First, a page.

According to Leadership Freak, there are “7 Ways to Powerfully Lead Through Problems.” They’re listed below, so that you can pay particular attention to #2: Create a “We,” in the context of his list.
- Be transparent. Everyone knows profits are down. They’re waiting for you to name it.
- Create a “we.”
- Talk with people at the center of the storm. Ask them to:
- Explain the situation.
- Define success.
- Identify and describe behaviors that create forward movement.
- Describe how committed they are to finding and implementing solutions.
- Begin with problems; remain focused on solutions.
- Commit to quickly making things better. The longer you wait the more difficult solutions become.
- Set expectations. Complete resolution takes time.
- Ask them to solve it, when appropriate. Stay available. Don’t hover.
These lists seem awfully perky, don’t they? (I’ve written them myself, so don’t get me wrong, I love them, and they can help — it’s just that this one triggered my thinking about how hard it is to be a good leader, and how easy it is to talk about it abstractly!)
Creating a “We” sounds important — it even sounds satisfying, but it’s a huge leadership challenge, especially when leaders are trying to remain focused on solutions to a particular problems, set clear expectations, engage stakeholders appropriately in problem solving, be transparent, communicate well with panicked employees, define success (from the top down, I assume) and “commit to quickly making things better.” I mean, who is the “we” in this picture?
The “we” is the collaborative group of course, but if you pay attention to the rhetoric in Leadership Freak’s blog, the group is set and controlled by the leader, as is the rate of problem solving, the definition of success, and the assessment of the situation and its appropriate delegations. This is the challenge of creating a “we” — it takes an “us” to do it, but leadership-as-usual is about claiming responsibility as an “I.”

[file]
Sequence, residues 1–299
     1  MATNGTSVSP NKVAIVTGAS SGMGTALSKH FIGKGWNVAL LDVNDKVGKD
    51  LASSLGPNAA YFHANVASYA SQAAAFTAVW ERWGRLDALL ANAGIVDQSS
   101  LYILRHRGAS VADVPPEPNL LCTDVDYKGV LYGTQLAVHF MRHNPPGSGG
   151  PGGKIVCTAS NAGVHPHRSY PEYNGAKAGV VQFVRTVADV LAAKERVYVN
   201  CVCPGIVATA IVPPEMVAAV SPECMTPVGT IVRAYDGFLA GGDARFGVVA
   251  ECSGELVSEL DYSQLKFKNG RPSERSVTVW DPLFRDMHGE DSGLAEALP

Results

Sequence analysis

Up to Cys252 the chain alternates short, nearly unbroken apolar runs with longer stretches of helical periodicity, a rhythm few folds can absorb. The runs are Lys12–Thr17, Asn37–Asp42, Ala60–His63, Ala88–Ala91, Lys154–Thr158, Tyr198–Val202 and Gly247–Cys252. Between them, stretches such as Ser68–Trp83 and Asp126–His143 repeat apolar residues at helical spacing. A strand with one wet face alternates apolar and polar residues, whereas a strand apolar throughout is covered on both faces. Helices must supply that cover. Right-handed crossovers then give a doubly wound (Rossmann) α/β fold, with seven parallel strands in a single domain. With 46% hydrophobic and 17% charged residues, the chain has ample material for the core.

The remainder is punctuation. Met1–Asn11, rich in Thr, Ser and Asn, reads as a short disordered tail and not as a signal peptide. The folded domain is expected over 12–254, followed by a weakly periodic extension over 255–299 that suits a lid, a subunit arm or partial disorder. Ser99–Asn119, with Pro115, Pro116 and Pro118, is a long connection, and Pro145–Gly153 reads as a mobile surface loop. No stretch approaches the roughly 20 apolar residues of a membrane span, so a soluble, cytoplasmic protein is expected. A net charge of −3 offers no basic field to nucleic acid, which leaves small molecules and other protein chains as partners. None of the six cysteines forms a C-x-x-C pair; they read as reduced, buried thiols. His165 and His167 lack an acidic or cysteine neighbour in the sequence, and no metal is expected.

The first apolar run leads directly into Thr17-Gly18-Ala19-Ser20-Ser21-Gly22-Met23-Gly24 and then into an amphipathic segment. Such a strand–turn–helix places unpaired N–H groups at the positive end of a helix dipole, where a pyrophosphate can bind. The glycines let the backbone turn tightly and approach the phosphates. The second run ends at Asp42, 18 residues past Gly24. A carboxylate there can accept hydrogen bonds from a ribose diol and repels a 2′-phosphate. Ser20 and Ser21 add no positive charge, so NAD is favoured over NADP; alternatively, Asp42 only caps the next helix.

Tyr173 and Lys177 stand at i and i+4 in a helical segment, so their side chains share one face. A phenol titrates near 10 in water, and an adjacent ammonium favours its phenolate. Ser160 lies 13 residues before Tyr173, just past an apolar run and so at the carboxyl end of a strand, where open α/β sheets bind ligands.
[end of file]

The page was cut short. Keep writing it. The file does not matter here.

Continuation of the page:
Here’s the rub. Collective leadership creates an unwieldy, but more flexible “we” than top-down leadership, but very few of us know how to do it. Authentic leadership is a great process when it works, but authenticity tends to feel best when it’s about self-expression, which means “I” leadership, not “we” leadership. It’s messy.
Complicating things, as a culture, we value the individual, and devalue the group, so as leaders, we consider excellence a quality of “I” and not “we.” So how do we effectively create a we, without losing face as a leader, without feeling uncomfortable, without throwing all those definitions and controls and potential solutions into question even as we’re solving problems? We can’t!
The bottom line is that problems in a company usually mean the organization needs to create a different “we,” because the old one isn’t working. Leaders have to have the courage to be vulnerable, to break the unwritten, unspoken “I” rules. As “we” redefine roles in ways that might be more authentic and profitable, things will inevitably be uncomfortable. Ironically, the new “we” might just move the very leaders who make positive change out of their top “I” jobs!
Sigh. Leadership is a challenge. Change is inevitable. Can’t live with it, can’t live without it…. I only wish finding solutions was as clear as this well-meaning 7-point “to do” list for problem management. “We” would be much better off.